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Like other three-year-olds, Longreach toddler Ethan Minchin is starting to become more independent: he’s making friends, helping dad in the shed, and loves to play in the mud.

But unlike other children his age, Ethan is also trying to master walking with his leg braces.

Ethan was born with spina bifida, the most commonly occurring birth defect resulting in permanent disability in Australia, for which there is currently no cure.

He’ll need lifelong assistance, but thanks to the support of initiatives like SBH Queensland’s Mobility Program, he’ll still be able to participate in all the activities he loves including swimming, digging in the dirt, dressing up and even jumping on the trampoline.

Ethan was one of 22 children aged between three and 16 years old who participated in two independent mobility programs run by therapists earlier this year, made possible by a $6,400 grant from Slater and Gordon Lawyers’ Community Fund.

Ethan’s mother Donna Minchin said it was incredibly motivating to see her son learn and interact with other children using mobility aids.

“It can be difficult to find the energy and motivation to continually provide home therapy and coax a toddler to do physio and use his mobility aids,” Mrs Minchin said.

“But support from family, friends and the staff at SBHQ with programs like this help keep us motivated as parents and provide timely encouragement when we feel burnt out.

“Ethan is a happy, contented little fellow. He has a lot of determination and doesn’t give up easily. Programs like this will help him develop the skills he needs to take on the world.

“Attitude is everything. We try to maintain positivity and focus on achieving and giving our best. Everyone has their down days when it all seems too hard, but you just start over the next day and keep on keeping on.”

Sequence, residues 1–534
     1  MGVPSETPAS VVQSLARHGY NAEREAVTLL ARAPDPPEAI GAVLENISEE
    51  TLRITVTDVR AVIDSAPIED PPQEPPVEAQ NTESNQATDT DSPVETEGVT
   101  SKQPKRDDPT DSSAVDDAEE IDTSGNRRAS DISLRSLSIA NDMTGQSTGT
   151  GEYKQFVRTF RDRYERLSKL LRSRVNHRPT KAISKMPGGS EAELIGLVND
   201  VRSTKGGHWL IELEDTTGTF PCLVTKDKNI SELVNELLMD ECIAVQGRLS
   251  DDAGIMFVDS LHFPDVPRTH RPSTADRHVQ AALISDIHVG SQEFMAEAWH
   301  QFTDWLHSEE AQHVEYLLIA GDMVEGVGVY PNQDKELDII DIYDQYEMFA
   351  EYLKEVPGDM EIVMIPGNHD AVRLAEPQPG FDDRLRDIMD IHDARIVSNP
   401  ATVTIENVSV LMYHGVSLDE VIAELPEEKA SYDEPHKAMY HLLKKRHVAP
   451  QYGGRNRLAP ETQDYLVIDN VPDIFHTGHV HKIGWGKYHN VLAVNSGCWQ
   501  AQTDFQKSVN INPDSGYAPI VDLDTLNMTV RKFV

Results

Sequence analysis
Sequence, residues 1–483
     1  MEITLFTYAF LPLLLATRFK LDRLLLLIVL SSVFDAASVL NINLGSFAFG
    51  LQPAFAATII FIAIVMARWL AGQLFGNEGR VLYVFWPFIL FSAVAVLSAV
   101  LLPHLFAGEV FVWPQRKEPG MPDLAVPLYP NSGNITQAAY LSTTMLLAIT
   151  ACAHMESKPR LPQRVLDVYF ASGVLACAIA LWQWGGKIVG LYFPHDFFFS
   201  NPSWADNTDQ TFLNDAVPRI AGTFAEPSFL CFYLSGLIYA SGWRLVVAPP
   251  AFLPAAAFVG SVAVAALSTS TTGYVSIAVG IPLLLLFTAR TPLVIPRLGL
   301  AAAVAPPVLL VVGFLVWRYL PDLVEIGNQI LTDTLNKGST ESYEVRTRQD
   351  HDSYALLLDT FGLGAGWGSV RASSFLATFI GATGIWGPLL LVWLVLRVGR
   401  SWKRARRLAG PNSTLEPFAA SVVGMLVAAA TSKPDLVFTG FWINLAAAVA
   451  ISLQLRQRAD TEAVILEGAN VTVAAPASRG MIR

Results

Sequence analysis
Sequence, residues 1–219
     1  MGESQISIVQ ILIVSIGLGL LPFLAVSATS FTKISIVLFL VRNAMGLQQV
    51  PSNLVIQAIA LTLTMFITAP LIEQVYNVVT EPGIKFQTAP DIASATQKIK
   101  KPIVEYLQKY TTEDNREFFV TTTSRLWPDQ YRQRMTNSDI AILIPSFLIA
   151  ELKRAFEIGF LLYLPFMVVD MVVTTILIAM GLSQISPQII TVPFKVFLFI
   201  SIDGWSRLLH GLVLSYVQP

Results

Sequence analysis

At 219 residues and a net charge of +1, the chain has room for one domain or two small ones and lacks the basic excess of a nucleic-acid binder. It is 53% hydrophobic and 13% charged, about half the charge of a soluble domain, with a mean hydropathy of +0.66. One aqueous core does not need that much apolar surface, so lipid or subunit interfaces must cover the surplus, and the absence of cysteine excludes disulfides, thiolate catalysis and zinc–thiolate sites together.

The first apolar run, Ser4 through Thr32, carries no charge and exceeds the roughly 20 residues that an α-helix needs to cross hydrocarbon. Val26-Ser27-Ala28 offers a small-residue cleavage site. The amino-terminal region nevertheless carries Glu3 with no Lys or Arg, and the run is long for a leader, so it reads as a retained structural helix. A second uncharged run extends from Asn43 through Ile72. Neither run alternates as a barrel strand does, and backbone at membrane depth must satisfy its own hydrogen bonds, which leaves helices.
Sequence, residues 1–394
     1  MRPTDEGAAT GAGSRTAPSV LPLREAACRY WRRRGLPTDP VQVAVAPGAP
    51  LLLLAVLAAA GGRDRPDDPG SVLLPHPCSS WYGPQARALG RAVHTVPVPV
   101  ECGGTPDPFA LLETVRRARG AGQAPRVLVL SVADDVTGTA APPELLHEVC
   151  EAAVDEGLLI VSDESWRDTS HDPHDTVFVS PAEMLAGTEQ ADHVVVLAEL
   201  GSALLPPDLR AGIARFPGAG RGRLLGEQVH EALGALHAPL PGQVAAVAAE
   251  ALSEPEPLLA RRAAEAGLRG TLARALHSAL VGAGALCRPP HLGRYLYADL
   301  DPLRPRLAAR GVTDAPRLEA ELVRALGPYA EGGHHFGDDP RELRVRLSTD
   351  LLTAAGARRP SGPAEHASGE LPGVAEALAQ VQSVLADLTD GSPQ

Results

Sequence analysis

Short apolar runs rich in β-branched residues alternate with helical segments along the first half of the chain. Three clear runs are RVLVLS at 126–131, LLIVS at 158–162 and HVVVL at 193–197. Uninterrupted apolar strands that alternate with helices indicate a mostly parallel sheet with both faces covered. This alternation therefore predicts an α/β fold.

The children participating in the program learnt a range of skills, including floor mobility, skills using a wheelchair, transfers in and out of a wheelchair, and walking and upright mobility where appropriate.

SBH Queensland Physiotherapist Elizabeth Steele said the programs also included activities that taught dressing and independence skills.

“For some of the little ones, this is their first time in a wheelchair, and it’s amazing how encouraging it is for the children to race around in their wheelchairs with others their age,” Ms Steele said.

“These group programs are incredibly valuable in assisting children to learn how to make the most of life on wheels; to learn from therapists and from other children how to get the best out of their wheelchairs.

“There are no other programs like it in Queensland, and we are so grateful to Slater and Gordon for sponsoring SBHQ to run the programs for 2015.

Slater and Gordon Queensland General Manager Karen Simpson said it’s great to be able to make a difference to the lives of children with spina bifida.

“We’re thrilled to be assisting such a worthy cause by helping disabled children develop their skills and learn from each other in a supportive environment,” Ms Simpson said.

“SBH Queensland does great work and programs like these make a real difference to the lives of children with disabilities, as well as their families.”

SBH Queensland has been operating for 41 years and is well established as the primary provider of services and information for children and adults with spina bifida and hydrocephalus throughout Queensland.

The organisation provides continued support from the moment a pregnant mother discovers her unborn child has spina bifida to throughout the child’s entire lifetime.

Slater and Gordon’s Community Fund was sourced from the firm’s Staff Giving Program which provides employees of the firm with the opportunity to donate a portion of their wages to a fund.

The firm also contributes money towards the fund, with organisations able to apply for a grant ranging between $2,500 and a maximum of $10,000.

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